It was a surreal mix that converged on Phoenix Symphony Hall on a recent Sunday to support, denounce, or take advantage of a "Night to Honor Israel" rally sponsored by Christians United for Israel, a group founded by television end-times Bible thumper John Hagee, who is based in San Antonio and has raised millions for Israel because he believes it holds a special role in the return of Jesus Christ to Earth.
Hagee's group is generally backed by conservative Jews and Christians who're big defenders of Israel's right to exist. And that draws the ire of Chuck Carlson's organization We Hold These Truths, which former New Times journalist and current Village Voice editor Tony Ortega wrote about in the 2003 cover story "Peace-monger". At that time, Carlson's group was demonstrating at fundamentalist churches, arguing that they should take a stand on ending the Iraq war.
The group's branched out since to tackle anyone who supports Christian-Zionism. That is, those Christians who believe Israel was biblically awarded to the Jews. For Carlson, Hagee is the perfect example of what he sees as the "racism" of Christian-Zionism.
"Basically, he takes a racist view of the Palestinians in Israel," Carlson chirped, wearing a tan fedora over a white mane. "He says the Israelis have their rights on account of their race. And then [he and his supporters] find a way to sort out bits and pieces from Old Testament Biblical verses that they think supports that. And they weave that into a religion."
Carlson seems genuinely enraged by the plight of the Palestinians in Gaza and genuinely outraged by the actions of Israel. However, he paled when I asked him about his remarks before neo-Nazi and other anti-Semitic institutions. Specifically, on March 21, he spoke before a local spaghetti night of the white-supremacist group Nationalist Coalition. I know because there are videos online of Carlson addressing the organization.
And Carlson also spoke before a 2004 conference of the Institute for Historical Review in Sacramento. Founded in 1978 by anti-Semitic godfather Willis Carto, the IHR is described by the Anti-Defamation League as "the world's single most important outlet for Holocaust-denial propaganda."
Carlson didn't deny speaking in front of such groups but insisted the Sacramento conference wasn't sponsored by IHR. (IHR has a page on its Web site claiming the conference as its own, with a photo of Carlson as one of the lecturers.) He also stated that his speaking before some questionable organizations doesn't mean he agrees with them.
"I didn't deny any Holocaust," said Carlson. "I was there speaking about my issue, Christian-Zionism."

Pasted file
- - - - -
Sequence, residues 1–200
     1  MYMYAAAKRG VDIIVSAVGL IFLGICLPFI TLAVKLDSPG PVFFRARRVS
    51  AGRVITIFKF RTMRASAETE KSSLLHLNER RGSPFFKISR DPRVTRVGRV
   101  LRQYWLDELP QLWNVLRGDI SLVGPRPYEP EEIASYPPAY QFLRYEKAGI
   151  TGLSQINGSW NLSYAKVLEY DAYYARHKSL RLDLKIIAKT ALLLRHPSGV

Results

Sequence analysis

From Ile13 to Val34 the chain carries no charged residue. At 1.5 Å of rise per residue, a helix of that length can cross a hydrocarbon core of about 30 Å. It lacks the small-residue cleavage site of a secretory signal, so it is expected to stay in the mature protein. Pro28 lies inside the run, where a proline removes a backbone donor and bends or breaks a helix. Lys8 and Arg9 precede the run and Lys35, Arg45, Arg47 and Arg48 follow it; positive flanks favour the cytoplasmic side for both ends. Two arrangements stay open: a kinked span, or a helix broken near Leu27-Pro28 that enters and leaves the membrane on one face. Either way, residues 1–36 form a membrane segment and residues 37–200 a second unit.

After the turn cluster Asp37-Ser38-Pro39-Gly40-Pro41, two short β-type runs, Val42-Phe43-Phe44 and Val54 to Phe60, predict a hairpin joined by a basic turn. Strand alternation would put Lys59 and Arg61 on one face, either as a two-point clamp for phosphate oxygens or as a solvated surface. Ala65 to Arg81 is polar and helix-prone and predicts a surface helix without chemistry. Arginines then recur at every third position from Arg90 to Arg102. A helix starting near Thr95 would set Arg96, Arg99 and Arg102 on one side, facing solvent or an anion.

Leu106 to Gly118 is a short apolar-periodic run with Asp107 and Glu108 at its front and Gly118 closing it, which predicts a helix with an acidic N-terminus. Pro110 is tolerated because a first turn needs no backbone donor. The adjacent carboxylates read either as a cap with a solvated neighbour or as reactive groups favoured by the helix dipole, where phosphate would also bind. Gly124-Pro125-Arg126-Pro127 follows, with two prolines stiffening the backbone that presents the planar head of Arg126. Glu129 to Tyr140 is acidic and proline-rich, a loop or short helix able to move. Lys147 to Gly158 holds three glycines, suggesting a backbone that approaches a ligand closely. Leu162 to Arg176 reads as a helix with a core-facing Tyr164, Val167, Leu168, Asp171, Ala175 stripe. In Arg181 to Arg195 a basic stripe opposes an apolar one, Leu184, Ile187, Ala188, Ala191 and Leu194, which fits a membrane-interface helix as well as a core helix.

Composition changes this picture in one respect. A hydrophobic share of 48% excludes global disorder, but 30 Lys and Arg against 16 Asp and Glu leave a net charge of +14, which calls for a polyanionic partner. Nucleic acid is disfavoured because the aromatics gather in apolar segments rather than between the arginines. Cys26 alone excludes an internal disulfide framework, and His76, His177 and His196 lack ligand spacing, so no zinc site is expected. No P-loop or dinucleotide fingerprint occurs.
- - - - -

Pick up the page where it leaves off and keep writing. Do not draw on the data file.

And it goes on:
But what about the neo-Nazi groups? Doesn't Carlson think people are bothered by that?
"I don't know anybody it bothers but you," he chuckled. "You're the only one it's ever bothered."
When I stated that might be because people don't know about it, he said, "What am I supposed to do, wear a badge?"
Of course, I'm not suggesting Carlson is a neo-Nazi, but his message sure does seem to appeal to them. Particularly with passages like this in his handouts:
"We believe the worldly riches offered by World Zionism are false and do not come from God because the teaching of Zionism is anathema to the words of Jesus Christ."
Nor would I insinuate that Pastor John Hagee is all sweetness and light. Hagee has voiced his support for a preemptive Israeli nuclear strike against Iran. The preacher also believes Arab and Russian forces will invade Israel and be struck down by Yahweh — and it all will precipitate the Second Coming.
In other words, he's a crackpot. A crackpot with a lot of followers.
Carlson was one of only about 25 people from his faction present at Phoenix Symphony Hall, where attendees were forced to pass through a gantlet of photos of dead children. One of the sign-holders told me he came from Texas to protest the Hagee event.
I should note that the Messianic Jews were there to support the event and were not part of Carlson's group. Rabbi Harlan Picker of Phoenix's Beth Yachad House of Unity told me they were about understanding between gentiles and Jews, and that his congregation was mixed with members of both faiths.
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As for the trio demonstrating in favor of John Demjanjuk with signs such as "Free John" and "Free Demjanjuk Now," they were led by a tall cat in a bush hat named John Lyon and they said they were not members of We Hold These Truths or any organization, for that matter.
According to a March report in the New York Times, Demjanjuk is now in Germany, "where he is accused of being an accessory in the murder of 29,000 Jews while working as a guard at the Sobibór death camp in eastern Poland."
"Most people don't know who he is," Lyon kvetched. "It's a tough cause to try to promote."